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Danone may retain Russian business.

Several Russian food companies, including Russia’s largest meat producer, Cherkizovo, and the country’s largest dairy company, EkoNiva, have expressed interest in acquiring the Danone business in the country, according to the Russian newspaper Kommersant, citing anonymous market sources.

Danone may sell 13 dairy plants it operated in Russia before ceasing operations in October 2022. To keep a seat on the board of directors, the company wants to sell at least 75% of its Russian business, but not 100%. Danone also wants to make a buyback option a contractual requirement, according to Kommersant.

The buyback option may complicate the company’s withdrawal from Russia. According to Dmitry Gabishev, managing partner of Moscow-based think tank Peregrine Capital, this stage of the selloff could severely limit the number of potential buyers.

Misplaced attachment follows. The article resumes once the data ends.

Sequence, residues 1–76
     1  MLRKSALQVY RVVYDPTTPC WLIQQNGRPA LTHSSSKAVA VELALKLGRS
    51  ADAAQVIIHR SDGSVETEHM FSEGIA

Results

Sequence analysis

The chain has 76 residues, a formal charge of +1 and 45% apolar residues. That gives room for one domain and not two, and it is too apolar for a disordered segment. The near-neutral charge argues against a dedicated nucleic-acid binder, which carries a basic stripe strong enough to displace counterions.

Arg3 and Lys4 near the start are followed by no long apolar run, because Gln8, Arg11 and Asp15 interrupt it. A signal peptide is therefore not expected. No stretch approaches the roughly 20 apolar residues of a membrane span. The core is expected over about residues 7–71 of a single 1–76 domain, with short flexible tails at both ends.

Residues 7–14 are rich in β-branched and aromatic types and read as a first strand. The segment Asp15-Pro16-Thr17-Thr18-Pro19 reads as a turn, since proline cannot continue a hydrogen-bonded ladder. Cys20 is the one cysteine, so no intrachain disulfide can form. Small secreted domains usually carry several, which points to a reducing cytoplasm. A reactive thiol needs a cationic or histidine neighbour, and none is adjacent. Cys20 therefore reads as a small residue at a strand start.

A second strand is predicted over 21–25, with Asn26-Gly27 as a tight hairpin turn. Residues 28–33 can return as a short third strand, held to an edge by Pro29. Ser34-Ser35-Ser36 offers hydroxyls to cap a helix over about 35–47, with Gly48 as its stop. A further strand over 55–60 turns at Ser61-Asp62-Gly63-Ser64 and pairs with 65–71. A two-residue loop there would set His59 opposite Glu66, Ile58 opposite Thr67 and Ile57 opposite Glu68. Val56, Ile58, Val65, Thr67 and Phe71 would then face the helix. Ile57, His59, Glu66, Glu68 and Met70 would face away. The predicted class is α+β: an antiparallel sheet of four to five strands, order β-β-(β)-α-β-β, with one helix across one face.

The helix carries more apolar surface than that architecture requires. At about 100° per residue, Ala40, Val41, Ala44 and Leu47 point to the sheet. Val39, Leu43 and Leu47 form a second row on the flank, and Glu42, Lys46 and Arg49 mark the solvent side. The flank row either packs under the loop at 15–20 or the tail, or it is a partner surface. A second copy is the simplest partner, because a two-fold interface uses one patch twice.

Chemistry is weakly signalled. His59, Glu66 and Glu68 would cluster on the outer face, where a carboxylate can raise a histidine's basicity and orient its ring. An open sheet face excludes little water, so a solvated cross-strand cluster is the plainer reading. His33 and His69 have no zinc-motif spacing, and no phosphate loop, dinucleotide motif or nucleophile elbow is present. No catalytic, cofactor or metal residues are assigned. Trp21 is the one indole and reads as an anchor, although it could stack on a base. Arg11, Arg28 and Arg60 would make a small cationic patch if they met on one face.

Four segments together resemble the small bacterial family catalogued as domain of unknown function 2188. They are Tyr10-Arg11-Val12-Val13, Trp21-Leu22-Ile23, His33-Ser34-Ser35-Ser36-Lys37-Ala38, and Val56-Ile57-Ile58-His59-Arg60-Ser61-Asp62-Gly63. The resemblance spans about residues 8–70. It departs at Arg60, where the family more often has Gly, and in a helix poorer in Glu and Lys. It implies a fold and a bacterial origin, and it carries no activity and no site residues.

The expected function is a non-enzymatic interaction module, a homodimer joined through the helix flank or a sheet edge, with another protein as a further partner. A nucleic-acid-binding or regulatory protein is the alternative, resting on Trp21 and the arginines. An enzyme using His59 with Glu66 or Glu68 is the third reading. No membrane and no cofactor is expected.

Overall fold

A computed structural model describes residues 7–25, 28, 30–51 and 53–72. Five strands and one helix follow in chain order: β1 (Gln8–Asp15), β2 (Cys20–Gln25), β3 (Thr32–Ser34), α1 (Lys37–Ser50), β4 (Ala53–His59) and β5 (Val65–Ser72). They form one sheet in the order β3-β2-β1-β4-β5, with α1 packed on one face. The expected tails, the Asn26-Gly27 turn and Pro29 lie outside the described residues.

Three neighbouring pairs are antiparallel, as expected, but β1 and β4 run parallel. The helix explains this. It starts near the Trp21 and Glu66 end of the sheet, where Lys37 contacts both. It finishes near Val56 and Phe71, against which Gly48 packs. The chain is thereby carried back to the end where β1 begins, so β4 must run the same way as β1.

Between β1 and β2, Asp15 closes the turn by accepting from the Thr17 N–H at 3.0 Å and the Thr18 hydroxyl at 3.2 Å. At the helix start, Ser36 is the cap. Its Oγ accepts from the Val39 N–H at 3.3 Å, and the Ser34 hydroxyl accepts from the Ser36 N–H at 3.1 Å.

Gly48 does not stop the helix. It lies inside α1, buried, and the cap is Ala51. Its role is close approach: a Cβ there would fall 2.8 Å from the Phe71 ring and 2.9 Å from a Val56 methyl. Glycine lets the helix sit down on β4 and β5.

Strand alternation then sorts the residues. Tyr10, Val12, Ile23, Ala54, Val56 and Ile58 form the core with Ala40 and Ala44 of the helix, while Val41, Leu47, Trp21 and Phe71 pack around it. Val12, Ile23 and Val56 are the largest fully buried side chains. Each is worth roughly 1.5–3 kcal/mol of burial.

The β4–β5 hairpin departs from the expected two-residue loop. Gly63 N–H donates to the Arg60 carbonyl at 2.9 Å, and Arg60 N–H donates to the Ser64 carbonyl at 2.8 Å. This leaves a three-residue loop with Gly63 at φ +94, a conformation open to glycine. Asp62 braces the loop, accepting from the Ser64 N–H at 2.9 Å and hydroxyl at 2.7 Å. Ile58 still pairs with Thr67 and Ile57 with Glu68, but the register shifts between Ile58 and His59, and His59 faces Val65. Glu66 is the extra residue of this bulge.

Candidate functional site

Danone has not responded.
Market to be affected

Furthermore, Danone intends to pass only Russian brands to the new owner. Prostokvashino, Rastishka, and Tyoma are among them. International brands such as Activia, Actimel, and Oikos will be prohibited from being sold in Russia.

According to Alexei Gruzdev, CEO of Russian research firm Streda Consulting, the Prostokvashino brand is unlikely to suffer from a change in ownership due to its strong position in the Russian dairy market. The prohibition on using the Activia and Actimel brands, on the other hand, could have a serious impact because they provided a significant share of sales, according to Gruzdev.

Danone was once Russia’s second-largest dairy company, processing 3,400 tonnes of raw milk daily. The company dominates several segments of the Russian dairy market, including fermented dairy products.

Alexander Petrikov, head of the All-Russian Institute of Agrarian Problems and Informatics, stated in January that the Danone business in Russia should not be sold in pieces. He warned that selling all dairy plants one by one would devastate Danone’s ecosystem and harm Russia’s entire dairy market.

“Estimating the resulting reputational losses is difficult. They will inevitably arise not only for buyers, but also for the corporation’s numerous Russian partners – raw milk and other input suppliers, universities and research institutes with which Danone has established partnerships,” Petrikov predicted.

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